STUART A. SMITH, CGWP
Smith-Comeskey Ground Water Science LLC and Ground+Water Tanzania Ltd.
BEST ADVICE I EVER RECEIVED?
A memorable piece of advice was from former National Water Well Association (NGWA) Executive Director Jay Lehr to a 20-something prepping to teach a short course: “No matter what, you’re a half an hour ahead of the audience.” Go at a task with confidence.
IF YOU COULD CHANGE ONE THING ABOUT YOUR PROFESSIONAL SELF?
Probably pursuing an engineering master’s degree/PE license. All public water work in our home state of Ohio goes through PEs who can practice hydrogeology, whether qualified or not. We design wells and recommend pump performance for them anyway.
MOST SATISFYING PART OF YOUR JOB?
Seeing abundant, clear water flowing during a well pumping test. It’s even more gratifying now that I am involved in constructing safe water supplies in Tanzania.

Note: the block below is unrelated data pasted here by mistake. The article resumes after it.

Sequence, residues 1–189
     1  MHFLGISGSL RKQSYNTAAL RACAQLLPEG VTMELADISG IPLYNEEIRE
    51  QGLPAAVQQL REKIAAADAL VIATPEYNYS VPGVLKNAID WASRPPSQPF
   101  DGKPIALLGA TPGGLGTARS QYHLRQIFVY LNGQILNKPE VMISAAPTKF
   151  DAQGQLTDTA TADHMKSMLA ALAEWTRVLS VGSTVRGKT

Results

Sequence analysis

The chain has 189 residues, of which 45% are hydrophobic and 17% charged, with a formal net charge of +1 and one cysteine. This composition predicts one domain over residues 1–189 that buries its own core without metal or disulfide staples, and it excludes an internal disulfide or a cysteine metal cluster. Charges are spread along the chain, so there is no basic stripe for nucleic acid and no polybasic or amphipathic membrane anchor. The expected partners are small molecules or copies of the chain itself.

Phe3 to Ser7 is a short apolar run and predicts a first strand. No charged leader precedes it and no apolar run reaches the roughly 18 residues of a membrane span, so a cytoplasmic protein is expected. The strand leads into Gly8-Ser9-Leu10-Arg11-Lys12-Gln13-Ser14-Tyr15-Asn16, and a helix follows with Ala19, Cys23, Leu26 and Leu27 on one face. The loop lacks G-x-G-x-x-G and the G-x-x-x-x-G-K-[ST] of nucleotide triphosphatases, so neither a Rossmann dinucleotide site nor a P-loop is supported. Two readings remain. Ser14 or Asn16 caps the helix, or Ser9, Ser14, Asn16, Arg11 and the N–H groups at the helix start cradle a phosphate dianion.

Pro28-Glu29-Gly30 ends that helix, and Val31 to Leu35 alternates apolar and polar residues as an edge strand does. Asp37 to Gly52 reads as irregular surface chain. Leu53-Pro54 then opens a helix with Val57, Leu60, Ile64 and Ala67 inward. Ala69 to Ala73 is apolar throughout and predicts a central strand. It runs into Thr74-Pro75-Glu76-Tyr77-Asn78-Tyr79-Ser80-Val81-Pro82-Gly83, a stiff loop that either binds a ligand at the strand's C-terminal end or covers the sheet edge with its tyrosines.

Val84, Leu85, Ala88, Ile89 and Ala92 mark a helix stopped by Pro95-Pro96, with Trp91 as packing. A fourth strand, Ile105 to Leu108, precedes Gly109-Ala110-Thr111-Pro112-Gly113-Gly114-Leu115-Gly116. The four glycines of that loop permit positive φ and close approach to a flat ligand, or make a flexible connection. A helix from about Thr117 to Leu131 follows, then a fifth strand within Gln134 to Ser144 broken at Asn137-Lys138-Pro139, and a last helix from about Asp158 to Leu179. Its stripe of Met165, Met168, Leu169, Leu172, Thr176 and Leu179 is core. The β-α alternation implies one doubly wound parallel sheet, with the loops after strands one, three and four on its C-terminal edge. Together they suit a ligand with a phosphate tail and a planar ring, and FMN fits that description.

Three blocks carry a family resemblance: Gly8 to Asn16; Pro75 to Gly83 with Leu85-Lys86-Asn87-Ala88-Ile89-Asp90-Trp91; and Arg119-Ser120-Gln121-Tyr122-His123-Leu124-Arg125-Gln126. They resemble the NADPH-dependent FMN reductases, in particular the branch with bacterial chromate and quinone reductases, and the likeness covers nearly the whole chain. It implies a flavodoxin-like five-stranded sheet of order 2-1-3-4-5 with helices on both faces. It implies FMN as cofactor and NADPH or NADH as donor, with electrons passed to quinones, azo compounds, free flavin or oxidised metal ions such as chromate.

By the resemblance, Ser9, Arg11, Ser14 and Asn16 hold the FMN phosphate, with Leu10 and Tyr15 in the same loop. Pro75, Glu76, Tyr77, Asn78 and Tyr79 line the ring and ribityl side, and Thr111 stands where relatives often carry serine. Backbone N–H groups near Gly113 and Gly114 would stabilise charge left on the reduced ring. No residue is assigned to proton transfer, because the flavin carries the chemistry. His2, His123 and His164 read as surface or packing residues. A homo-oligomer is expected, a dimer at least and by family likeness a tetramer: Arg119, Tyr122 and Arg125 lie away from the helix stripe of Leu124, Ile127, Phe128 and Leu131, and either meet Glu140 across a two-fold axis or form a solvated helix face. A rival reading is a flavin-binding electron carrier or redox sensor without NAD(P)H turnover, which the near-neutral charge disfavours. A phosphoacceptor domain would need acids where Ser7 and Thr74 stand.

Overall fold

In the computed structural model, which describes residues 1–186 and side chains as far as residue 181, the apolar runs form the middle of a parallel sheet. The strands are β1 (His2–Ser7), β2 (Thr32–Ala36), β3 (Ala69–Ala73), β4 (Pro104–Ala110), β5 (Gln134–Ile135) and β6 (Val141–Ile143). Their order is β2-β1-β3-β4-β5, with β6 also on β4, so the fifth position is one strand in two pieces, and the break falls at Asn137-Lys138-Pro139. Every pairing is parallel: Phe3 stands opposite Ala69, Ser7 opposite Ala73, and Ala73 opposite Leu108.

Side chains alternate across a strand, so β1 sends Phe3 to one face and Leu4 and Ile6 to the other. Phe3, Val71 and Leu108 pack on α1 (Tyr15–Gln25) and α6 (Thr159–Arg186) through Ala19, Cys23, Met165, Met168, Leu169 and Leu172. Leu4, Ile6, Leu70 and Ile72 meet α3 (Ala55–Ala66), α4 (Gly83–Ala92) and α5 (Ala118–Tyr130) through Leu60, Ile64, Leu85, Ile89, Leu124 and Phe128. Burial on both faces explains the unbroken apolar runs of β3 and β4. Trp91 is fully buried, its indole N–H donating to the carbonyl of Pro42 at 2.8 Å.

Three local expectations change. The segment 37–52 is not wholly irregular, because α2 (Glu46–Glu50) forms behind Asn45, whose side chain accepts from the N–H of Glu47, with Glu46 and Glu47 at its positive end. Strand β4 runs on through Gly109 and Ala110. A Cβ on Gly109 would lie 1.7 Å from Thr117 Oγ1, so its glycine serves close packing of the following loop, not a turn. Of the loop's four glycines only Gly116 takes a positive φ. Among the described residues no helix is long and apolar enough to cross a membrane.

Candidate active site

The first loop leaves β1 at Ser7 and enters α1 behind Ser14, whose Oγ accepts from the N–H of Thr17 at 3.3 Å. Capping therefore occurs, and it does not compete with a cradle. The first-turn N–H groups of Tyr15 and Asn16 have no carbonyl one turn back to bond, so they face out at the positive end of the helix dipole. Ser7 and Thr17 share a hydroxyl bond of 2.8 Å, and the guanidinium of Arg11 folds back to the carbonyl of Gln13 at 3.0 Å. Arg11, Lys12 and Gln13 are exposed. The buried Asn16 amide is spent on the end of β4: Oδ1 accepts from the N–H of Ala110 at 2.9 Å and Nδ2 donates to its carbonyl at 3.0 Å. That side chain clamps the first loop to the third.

MOST CHALLENGING PART OF YOUR JOB?
Constantly having to teach potential and current clients what they need to do to hammer out a scope of work to secure a sustainable groundwater supply. Often the clients just don’t know.
WHAT DO YOU HOPE READERS REMEMBER MOST FROM YOUR PUBLISHED WORK?
From “A Layman’s Guide to Iron Bacteria in Water Wells” in 1980 in Water Well Journal to Sustainable Wells that I wrote with Allen Comeskey, I hope it’s knowledge and techniques for systematic diagnosis of well performance problems; helping to make a well maintenance
mindset mainstream; and employing good groundwater science and technique.
WHAT IS THE MOST IMPORTANT DRILLING ADVANCEMENT YOU’VE SEEN IN YOUR CAREER?
While we use drilling a lot in our work, and I also write about it and well rehabilitation, I’m not a driller. So, I posed this same question to the Facebook Water Well Guys group (see Guest Editorial). I have to agree with Brock Yordy that it’s information technology that makes good information, training, and ideas accessible and collaborations easier.
GREATEST CHALLENGES FACING WATER WELL CONTRACTORS TODAY?
Both here in the United States and in Tanzania, it remains competing with unprofessional contractors who will do it cheaper. The need to build trust and to overcome the “race to the bottom” is a struggle in a craft that people don’t understand.